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Unformatted text preview: at of private property and broader than that protected by the law of slander and libel which "are in their nature material rather than spiritual." Other authors have similarly emphasized the importance of privacy as respect for the dignity, integrity and autonomy of individuals. The second view is a more instrumentalist one. According to this view, without the protection of privacy, there is no possibility of intimacy, nor, therefore, of interpersonal relationships based on love and trust. Privacy also plays an important role in the relationship between the individual and the state, and restraining the power of the government to gather and use information about the private lives of individuals is seen as an important means of curbing totalitarian tendencies of the state. Recent articles have also emphasized the value of privacy for ensuring the participation of autonomous persons in a democratic society. A LOSS OF PRIVACY LEADS TO A LOSS OF INDIVIDUALITY Christopher Slobogin, "Symposium: Public privacy: camera surveillance of public places and the right to anonymity", Misissippi Law Journal, 2002. when technology enables the government to stare with an ever-vigilant and suspicious eye, the boundaries of the self may partly dissolve, reconstructed in the image chosen by Leviathan. . . . Regulation [of this technology] preserves the idea of a diverse, noisy America, where citizens are free to get lost in the crowd and where their sense of self stems from their chosen affiliations and actions rather than from the all-seeing gaze of the state." PRIVACY RIGHTS CHECK STATE CONTROL OVER INDIVIDUAL LIVES Kendall Thomas, Professor of Law, Columbia University, COLUMBIA LAW REVIEW, October 1992, p. 1497. In "The Right of Privacy," Jed Rubenfeld seeks to build an "anti-totalitarian" case against the constitutionality of the homosexual sodomy law upheld in Hardwick. Like Michelman, Professor Rubenfeld argues that the right to privacy is bes...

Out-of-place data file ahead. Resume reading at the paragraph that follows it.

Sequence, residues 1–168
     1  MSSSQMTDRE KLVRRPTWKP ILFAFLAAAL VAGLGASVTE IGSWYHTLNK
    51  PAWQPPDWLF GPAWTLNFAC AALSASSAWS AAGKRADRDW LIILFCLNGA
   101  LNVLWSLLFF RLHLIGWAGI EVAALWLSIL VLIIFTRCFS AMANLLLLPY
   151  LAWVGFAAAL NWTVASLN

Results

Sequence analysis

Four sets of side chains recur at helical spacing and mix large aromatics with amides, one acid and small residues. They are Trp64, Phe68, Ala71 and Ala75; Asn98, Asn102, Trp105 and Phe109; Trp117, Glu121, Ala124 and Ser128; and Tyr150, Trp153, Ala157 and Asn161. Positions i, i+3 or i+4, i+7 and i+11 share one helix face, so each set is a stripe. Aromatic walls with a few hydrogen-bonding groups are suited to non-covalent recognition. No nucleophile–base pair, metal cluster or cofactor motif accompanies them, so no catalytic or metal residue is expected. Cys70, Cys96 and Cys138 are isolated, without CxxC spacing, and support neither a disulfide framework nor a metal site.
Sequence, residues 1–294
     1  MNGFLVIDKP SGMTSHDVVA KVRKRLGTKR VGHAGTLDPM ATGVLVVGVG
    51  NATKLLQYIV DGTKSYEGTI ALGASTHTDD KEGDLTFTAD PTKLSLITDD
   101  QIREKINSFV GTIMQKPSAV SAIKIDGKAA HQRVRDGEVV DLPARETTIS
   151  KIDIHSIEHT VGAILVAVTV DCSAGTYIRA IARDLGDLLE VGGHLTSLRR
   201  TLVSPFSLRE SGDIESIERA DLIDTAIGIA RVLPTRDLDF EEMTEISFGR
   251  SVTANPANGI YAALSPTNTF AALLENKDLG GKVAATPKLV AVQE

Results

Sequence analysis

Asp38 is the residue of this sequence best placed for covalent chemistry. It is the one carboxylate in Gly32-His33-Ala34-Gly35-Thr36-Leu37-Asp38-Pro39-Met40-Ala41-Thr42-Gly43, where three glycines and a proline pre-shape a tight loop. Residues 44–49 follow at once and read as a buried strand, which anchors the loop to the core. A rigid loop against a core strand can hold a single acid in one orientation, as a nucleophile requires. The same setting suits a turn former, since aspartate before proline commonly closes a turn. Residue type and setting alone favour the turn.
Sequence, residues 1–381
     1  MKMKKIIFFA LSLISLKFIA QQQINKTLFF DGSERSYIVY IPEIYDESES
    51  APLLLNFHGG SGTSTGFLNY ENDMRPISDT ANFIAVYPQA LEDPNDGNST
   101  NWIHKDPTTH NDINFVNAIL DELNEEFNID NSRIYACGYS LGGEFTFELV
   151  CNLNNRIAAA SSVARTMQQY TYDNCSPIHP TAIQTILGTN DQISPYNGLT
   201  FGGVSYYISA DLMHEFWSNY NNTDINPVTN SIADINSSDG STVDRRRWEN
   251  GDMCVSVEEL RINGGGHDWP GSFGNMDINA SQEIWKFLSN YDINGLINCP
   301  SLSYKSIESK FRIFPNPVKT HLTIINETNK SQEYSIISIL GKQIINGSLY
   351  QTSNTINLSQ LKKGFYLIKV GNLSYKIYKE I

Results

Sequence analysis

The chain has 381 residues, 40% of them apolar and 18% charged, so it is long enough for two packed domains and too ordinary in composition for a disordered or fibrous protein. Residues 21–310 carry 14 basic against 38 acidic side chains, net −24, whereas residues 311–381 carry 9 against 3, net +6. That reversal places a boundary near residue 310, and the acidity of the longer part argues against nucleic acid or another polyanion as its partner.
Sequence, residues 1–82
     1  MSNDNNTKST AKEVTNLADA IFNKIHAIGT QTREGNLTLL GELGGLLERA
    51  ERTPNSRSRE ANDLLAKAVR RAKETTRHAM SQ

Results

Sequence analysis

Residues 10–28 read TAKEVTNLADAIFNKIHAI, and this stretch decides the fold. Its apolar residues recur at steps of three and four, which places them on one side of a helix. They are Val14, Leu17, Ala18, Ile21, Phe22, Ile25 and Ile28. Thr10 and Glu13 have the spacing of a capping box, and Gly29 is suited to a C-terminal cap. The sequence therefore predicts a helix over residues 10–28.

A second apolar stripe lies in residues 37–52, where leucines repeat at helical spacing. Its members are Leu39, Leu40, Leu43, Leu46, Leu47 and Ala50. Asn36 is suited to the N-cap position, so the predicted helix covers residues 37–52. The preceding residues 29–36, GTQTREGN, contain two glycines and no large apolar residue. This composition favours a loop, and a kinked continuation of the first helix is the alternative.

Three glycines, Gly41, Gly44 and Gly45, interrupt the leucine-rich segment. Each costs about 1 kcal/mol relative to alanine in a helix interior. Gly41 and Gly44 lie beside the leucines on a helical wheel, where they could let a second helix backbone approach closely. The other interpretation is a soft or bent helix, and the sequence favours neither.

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This document was uploaded on 11/20/2013.
- Fall '13